We are in a state of unknown; What does this mean when the world goes back to normal?
How do I manage if my project’s go live date was missed or pushed?
With everyone scattered, how do I keep the momentum moving and my team informed?
What happens if resource priorities are shifted once this is all over?
Here are a few tips to keep moving forward and how to manage.
Engage the Team:
Daily Work Schedule…How to Be Productive:
Many people have been working from home for years for others this is brand new – ask questions such as:
How do you stay focused – having a dedicated routine – I walk the dogs around the block once in the morning, that is like my drive to the office.
How do you stay motivated - I have my own office where I can close the door and not be disrupted by others that may be home?
Be the change agent, reach out to peers and colleagues even just to talk and see how the person is fairing
Set up a lunch and learn where you all join a meeting via a conference line
Discuss how to keep your department and projects moving
Set hard deadlines and discuss openly what is realistic
Review the current timeline, if you miss a Go Live when is the next possible time you can go live?
Revamp the project milestone and deliverable dates
Discuss the current schedule, budget and scope
Can any area scale back?
What is the bandwidth of resources to help with the potential new timeline?
Discuss Pros & Cons of potentially moving a go live date:
Revamp clear scope and goals
Extra time to test and weed out defects
Extra time for Knowledge Transfer
Extra time for system documentation
Cost – how much will this delay cost?
Vendor management – were we stopping services because we thought the new system would be live?
Work within the project team to make sure core ERP process doesn’t stop
Extending contracts and team members to support legacy systems
Once equipped with a comprehensive impact of the proposed change, present findings as the team recommendation for change.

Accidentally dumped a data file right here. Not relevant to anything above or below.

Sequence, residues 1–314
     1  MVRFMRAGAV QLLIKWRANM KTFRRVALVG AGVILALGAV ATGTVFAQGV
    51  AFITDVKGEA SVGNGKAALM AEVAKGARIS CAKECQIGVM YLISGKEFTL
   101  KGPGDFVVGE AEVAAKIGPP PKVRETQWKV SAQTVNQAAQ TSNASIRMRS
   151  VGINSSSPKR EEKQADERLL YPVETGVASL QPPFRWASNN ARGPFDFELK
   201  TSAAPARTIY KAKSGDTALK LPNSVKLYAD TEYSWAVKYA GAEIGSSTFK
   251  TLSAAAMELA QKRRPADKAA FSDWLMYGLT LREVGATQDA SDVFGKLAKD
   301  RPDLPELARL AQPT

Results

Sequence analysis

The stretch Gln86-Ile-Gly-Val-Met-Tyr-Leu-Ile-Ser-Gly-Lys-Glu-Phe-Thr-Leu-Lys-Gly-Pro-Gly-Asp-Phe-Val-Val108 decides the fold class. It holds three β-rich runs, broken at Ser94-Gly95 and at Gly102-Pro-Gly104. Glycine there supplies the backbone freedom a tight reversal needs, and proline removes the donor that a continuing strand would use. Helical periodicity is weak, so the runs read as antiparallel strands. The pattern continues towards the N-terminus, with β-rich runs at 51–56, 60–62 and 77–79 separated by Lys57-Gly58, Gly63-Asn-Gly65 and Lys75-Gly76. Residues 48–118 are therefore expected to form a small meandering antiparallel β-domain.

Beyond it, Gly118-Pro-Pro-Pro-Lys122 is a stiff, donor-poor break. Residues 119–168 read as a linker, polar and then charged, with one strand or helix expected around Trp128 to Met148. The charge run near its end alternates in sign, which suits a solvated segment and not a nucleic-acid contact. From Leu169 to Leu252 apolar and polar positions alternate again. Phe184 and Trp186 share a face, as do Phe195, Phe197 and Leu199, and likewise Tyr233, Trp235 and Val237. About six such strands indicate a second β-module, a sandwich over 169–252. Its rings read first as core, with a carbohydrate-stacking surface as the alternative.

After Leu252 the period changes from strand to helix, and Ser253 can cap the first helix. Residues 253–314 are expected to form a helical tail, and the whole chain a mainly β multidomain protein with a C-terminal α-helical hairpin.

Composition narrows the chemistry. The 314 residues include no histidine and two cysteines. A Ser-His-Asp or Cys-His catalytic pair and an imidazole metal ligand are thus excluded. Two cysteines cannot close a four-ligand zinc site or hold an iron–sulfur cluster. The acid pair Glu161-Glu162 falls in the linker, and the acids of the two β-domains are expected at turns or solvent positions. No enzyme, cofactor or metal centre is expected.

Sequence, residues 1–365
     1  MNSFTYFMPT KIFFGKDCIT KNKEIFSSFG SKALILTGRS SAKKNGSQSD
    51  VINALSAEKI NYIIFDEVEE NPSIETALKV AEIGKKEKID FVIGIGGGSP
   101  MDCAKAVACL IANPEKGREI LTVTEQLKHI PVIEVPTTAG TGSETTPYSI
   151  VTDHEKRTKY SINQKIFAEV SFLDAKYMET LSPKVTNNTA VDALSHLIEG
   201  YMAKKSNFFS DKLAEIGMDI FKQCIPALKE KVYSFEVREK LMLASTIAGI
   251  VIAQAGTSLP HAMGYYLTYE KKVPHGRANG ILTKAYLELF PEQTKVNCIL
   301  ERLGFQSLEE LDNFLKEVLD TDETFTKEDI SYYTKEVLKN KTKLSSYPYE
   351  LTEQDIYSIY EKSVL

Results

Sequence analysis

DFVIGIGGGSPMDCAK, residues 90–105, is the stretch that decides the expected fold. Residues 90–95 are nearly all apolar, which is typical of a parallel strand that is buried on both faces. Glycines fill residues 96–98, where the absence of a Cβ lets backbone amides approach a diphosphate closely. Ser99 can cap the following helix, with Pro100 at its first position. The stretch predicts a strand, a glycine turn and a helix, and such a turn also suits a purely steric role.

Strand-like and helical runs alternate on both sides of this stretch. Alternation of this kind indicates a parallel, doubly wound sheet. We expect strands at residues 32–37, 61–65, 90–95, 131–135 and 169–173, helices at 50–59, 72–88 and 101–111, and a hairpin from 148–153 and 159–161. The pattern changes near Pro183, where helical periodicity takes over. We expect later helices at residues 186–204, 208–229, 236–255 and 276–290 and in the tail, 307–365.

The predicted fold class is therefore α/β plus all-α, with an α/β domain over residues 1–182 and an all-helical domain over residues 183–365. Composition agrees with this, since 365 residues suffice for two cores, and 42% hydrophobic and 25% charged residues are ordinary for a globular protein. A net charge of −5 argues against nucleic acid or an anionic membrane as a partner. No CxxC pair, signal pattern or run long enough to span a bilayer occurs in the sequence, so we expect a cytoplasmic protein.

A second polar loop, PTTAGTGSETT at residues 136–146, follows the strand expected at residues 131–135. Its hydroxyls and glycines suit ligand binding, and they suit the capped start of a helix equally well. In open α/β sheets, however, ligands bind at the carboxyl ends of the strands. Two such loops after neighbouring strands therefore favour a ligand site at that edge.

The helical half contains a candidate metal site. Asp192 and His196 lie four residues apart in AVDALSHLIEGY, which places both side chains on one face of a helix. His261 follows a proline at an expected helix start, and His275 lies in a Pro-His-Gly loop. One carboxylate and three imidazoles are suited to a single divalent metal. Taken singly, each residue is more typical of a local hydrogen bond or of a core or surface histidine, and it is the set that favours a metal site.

Stand by the proposed solution and be ready to explain details
Use this time to really dig into your requirements. Some things to consider:
Evaluate your current processes. For instance, if you’ll be deploying Workday® Benefits, collect and document all of your plan requirements including eligibility, costs and integration requirements. Make sure you’ve taken into account carrier requirements for data – especially outside of the US. Will they accept enrollment data electronically from Workday®? Does an electronic signature in Workday satisfy their regulatory requirements?
Depending on the project type, you’ll likely be filling out some sort of configuration or data gathering workbook. This is typically one of your first steps so use this time to get a head start if you can. Ask your consultant for a copy of the required workbooks if you don’t have them already. You may not be able to complete them in their entirety, but reviewing them in advance will certainly give you an advantage when your project kicks off.
Review the Workday Touchpoints Kit (https://community.workday.com/node/393243) to understand how introducing new or enhanced functionality may impact other areas of Workday. What are your internal touchpoints? Which systems, processes and people will be impacted by proposed changes? Document these and use this time to identify key decision points and potential gaps. Make a plan for how these will be addressed.
Get to know your team:
Have you identified all of your key project team members? Is this the first time the group will be working together? If so, use this time to connect and understand each other’s role within the organization as well as the project. Maybe they have skills and experience that would be useful beyond the current project. Great teams make great projects!
Get to know your stakeholders:
Change management is a critical component of a successful project but one that is often overlooked until the last minute or given the least amount of time and resources. Use this time to focus on the who, what and how of your change management strategy.
Identify your audience. Who will be impacted by these changes? What is the best way to communicate with them?
If your project includes a new self-service component for managers and/or employees, how will you get their buy-in for the change? What factors may affect adoption? For instance, if they will now need to access Workday to submit a time off request, do they have access to a computer to do so? Or will they use mobile? For managers, do they have the information and tools they need to go from “just ask HR” to feeling fully empowered to use Workday?
Review your current handbooks, quick reference guides and internal sites. Identify where you will need to make changes.
While you’re evaluating your business processes, don’t forget to review custom notifications and review document steps to identify where you may need to make a change. For instance, if you’re adding a “change benefits” step to your Onboarding business process, you won’t need a “review document” or “to do” step to enroll directly with the carrier.
Overall, the core message is to keep yourself and your family safe while you use your resources and the circumstances to advance your company and your work as far as you can.
Contact us for more information or support for release management and testing insights: info@teamUpHR.com.